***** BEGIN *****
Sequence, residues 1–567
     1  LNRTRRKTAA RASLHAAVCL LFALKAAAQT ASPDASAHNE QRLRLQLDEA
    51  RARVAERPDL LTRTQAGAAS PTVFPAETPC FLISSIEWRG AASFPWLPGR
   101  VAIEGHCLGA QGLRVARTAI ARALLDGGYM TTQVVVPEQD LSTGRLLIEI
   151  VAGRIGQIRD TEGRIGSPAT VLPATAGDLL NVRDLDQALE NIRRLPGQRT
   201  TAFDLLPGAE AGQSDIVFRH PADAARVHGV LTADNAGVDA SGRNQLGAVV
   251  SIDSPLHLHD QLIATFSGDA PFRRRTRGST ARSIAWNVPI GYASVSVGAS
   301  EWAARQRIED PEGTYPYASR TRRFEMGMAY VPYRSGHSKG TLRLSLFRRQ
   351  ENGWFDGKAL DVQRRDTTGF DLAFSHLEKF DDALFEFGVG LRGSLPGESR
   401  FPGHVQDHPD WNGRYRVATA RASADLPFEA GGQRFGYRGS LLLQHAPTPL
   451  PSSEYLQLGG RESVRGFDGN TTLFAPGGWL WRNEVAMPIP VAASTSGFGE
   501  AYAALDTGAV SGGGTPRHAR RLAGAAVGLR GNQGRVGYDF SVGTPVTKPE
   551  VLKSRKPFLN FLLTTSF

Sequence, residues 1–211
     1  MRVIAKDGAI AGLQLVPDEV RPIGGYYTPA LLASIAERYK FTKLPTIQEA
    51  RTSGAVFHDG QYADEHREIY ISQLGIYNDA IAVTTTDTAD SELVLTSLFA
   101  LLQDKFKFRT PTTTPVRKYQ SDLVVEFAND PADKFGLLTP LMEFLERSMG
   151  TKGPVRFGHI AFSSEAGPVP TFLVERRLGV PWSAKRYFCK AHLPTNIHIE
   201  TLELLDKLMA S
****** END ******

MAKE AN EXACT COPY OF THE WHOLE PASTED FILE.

Sequence, residues 1–567
     1  LNRTRRKTAA RASLHAAVCL LFALKAAAQT ASPDASAHNE QRLRLQLDEA
    51  RARVAERPDL LTRTQAGAAS PTVFPAETPC FLISSIEWRG AASFPWLPGR
   101  VAIEGHCLGA QGLRVARTAI ARALLDGGYM TTQVVVPEQD LSTGRLLIEI
   151  VAGRIGQIRD TEGRIGSPAT VLPATAGDLL NVRDLDQALE NIRRLPGQRT
   201  TAFDLLPGAE AGQSDIVFRH PADAARVHGV LTADNAGVDA SGRNQLGAVV
   251  SIDSPLHLHD QLIATFSGDA PFRRRTRGST ARSIAWNVPI GYASVSVGAS
   301  EWAARQRIED PEGTYPYASR TRRFEMGMAY VPYRSGHSKG TLRLSLFRRQ
   351  ENGWFDGKAL DVQRRDTTGF DLAFSHLEKF DDALFEFGVG LRGSLPGESR
   401  FPGHVQDHPD WNGRYRVATA RASADLPFEA GGQRFGYRGS LLLQHAPTPL
   451  PSSEYLQLGG RESVRGFDGN TTLFAPGGWL WRNEVAMPIP VAASTSGFGE
   501  AYAALDTGAV SGGGTPRHAR RLAGAAVGLR GNQGRVGYDF SVGTPVTKPE
   551  VLKSRKPFLN FLLTTSF

Sequence, residues 1–211
     1  MRVIAKDGAI AGLQLVPDEV RPIGGYYTPA LLASIAERYK FTKLPTIQEA
    51  RTSGAVFHDG QYADEHREIY ISQLGIYNDA IAVTTTDTAD SELVLTSLFA
   101  LLQDKFKFRT PTTTPVRKYQ SDLVVEFAND PADKFGLLTP LMEFLERSMG
   151  TKGPVRFGHI AFSSEAGPVP TFLVERRLGV PWSAKRYFCK AHLPTNIHIE
   201  TLELLDKLMA S